Garwood Anderson, Paul’s New Perspective. There has been much discussion of the “new perspective” on Paul. This careful study of Paul’s writings explores the possibility of development in Paul’s understanding, offering warrant for both “traditional” and “new” perspectives.

John Calvin, The Institutes of the Christian Religion.  One of the best summers I ever spent including working through these two volumes, marveling at one who loved God so deeply and reasoned so carefully.

Daniel L. Hawk, The Violence of the Biblical God. This is the best book I’ve read on the troubling Old Testament passages that connect Israel’s violence with God. Hawk allows for the disturbing complexity of the biblical witness that explores the messiness of God who is both in but not of the ancient Near Eastern world of Israel.

Matthew Levering, Dying and the Virtues. A probing exploration of the biblical virtues by which we live–and die. He revives the ancient pastoral conversation on what it means to make a good end to our lives.

J. I. Packer, Knowing God. No single book played a greater role in opening my eyes to the greatness of God and the joy of knowing Him. This was one to be read a few pages at a time. I’ve done so several times.

Michael Reeves, Delighting in the Trinity. The shortest book in the collection, but no less rich in its insights into the mystery of the Triune nature of God.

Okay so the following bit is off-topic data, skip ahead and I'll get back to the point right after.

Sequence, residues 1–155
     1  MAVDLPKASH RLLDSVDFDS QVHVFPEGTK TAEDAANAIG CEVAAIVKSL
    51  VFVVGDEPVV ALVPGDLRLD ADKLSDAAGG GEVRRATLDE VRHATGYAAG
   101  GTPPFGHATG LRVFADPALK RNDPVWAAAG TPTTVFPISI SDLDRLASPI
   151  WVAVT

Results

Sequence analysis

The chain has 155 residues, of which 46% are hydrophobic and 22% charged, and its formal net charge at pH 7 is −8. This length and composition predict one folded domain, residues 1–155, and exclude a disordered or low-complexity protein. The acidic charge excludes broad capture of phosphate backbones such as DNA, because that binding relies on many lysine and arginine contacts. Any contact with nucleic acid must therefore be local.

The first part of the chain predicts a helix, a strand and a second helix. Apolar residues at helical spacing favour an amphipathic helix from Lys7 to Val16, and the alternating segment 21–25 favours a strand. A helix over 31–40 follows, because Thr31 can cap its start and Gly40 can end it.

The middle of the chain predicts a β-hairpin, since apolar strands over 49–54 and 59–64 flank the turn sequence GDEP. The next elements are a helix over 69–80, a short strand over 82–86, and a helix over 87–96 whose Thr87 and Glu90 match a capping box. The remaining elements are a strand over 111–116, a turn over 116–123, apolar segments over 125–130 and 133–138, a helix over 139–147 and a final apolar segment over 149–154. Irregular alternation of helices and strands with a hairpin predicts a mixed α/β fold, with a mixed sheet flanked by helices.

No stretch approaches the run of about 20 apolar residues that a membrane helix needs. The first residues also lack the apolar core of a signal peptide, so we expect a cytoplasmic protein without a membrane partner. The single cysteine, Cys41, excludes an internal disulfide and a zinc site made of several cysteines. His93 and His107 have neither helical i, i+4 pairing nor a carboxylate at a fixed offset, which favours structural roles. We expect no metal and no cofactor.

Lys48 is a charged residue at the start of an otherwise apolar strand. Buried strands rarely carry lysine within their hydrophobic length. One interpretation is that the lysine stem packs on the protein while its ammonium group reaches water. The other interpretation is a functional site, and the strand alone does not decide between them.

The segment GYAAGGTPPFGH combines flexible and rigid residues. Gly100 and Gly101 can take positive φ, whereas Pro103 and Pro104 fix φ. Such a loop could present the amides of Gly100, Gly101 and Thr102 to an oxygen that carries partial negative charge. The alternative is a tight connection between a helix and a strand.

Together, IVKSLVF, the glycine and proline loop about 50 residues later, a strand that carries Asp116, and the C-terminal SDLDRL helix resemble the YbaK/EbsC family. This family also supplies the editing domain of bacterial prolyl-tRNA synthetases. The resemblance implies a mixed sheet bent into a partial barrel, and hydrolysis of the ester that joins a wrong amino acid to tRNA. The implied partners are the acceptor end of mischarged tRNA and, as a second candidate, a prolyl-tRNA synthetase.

Fleming Rutledge, The Crucifixion. I spent Lent last year reading this work, leaving me in wonder at the death of the Son of God.

James K. A. Smith, Desiring the Kingdom. Smith challenges the notion that all we need to do is get people to believe the right things. His theology of what it means to be human is to be desiring creatures, and that we believe what we practice, that “thick” practices shape our spiritual affections.

John R. W. Stott, The Cross of Christ. For many years, I was part of a reading group called the Dead Theologians Society. After reading this work together, one of our participants remarked that this was the best book we had read (in a group that had read Augustine, Luther, Calvin, Barth, and many others). Stott, with his typical clarity of expression and insight, sets forth the work of the cross, and his defense of substitution, not so popular nowadays, with depth and concision.

N.T. Wright, The Resurrection of the Son of God. This is an absolutely magnificent study of the idea of the resurrection in “second temple” Judaism and the surrounding culture, and the evidences for the physical resurrection of Jesus.

One of the things all these works have in common is that they are works of conviction, that pulse with the passion for God of the authors, that elevates them from our image of theology as a dry and dusty discipline. There are many others that I could have added and I’d love to hear of those you would re-read. It’s just possible that I might choose to read them for the first time. I always love a book recommendation that says, “I would read it again.” In the area of theology, that tells me that the author has moved beyond the commonplace nostrums to a personal knowledge of the God of whom they write.